from The American Heritage® Dictionary of the English Language, 4th Edition
- Coleridge, Samuel Taylor 1772-1834. British poet and critic who was a leader of the romantic movement. With William Wordsworth he published Lyrical Ballads (1798), which contains "The Rime of the Ancient Mariner,” his best-known poem.
from Wiktionary, Creative Commons Attribution/Share-Alike License
- proper n. Samuel Taylor Coleridge, English romantic poet
- proper n. Coleridge, North Carolina
from WordNet 3.0 Copyright 2006 by Princeton University. All rights reserved.
- n. English romantic poet (1772-1834)
Sorry, no etymologies found.
The description consigns "Xanadu" to parentheses and fails to mention that this monumental carving belonged to the fabled structure immortalized in Coleridge's poem.
And Jenny, I quite agree that Coleridge is the more appealing of the two.
Coleridge is asking for a certain philosophical clarity, and thus appealing more broadly to thought to sober or correct itself, to bring to enlightenment that within itself that won't make itself known.
For this reason, I want to set one primal scene of this volume in Coleridge, not his coining of the term
That is to say, we also see in Coleridge's personal encounter with the unconscious a desire for reparation and the therapeutic, a socially ameliorative gesture that allays fears about these effects in the name of what Wordsworth, in his own way always quick to move past the individual and the personal, speaks of as the collective "Mind of Man."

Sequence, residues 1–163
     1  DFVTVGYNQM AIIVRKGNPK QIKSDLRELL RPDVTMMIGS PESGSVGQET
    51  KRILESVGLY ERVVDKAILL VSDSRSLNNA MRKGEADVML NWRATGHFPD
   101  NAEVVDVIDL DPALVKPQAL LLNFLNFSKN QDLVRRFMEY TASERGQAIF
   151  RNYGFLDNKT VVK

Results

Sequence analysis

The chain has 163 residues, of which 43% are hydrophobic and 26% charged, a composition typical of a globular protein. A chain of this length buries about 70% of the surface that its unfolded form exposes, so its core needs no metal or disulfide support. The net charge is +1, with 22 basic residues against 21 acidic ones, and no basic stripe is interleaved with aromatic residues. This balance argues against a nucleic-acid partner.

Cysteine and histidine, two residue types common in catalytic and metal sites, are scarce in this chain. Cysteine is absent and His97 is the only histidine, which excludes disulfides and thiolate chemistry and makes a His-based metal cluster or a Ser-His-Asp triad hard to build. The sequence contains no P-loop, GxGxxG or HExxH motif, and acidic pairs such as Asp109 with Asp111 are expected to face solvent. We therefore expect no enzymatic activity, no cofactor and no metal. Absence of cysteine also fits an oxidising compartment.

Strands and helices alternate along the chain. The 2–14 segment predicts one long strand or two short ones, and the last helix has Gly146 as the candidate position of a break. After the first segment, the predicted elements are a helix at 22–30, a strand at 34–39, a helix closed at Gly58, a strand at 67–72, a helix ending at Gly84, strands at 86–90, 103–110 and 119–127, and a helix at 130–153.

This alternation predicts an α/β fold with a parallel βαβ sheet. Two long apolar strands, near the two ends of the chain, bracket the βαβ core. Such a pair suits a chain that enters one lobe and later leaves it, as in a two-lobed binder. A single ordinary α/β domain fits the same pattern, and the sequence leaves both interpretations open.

Psychoanalysis (50-55) and "Philosophy's Debatable Land in Coleridge's Biographia Literaria" (136-43).
"A fascinating insight into the character and behaviour of the poet Samuel Taylor Coleridge is revealed through his own notebooks, together with journals, correspondence and reminiscences from family and friends in a small display at the British Library from 27 February – 27 April 2007"
Romantic literature is replete with aesthetic examples of this philosophical tenet, whether in Coleridge's recognition of "the one life within us and abroad" ( "The Eolian Harp" [28.26]) or
The nightingale in Coleridge's poem by the same name utters forth its nocturnal "wanton song" (86) or "love-chant"
Echoing the passivity of the viewer invoked in Coleridge's condemnation of
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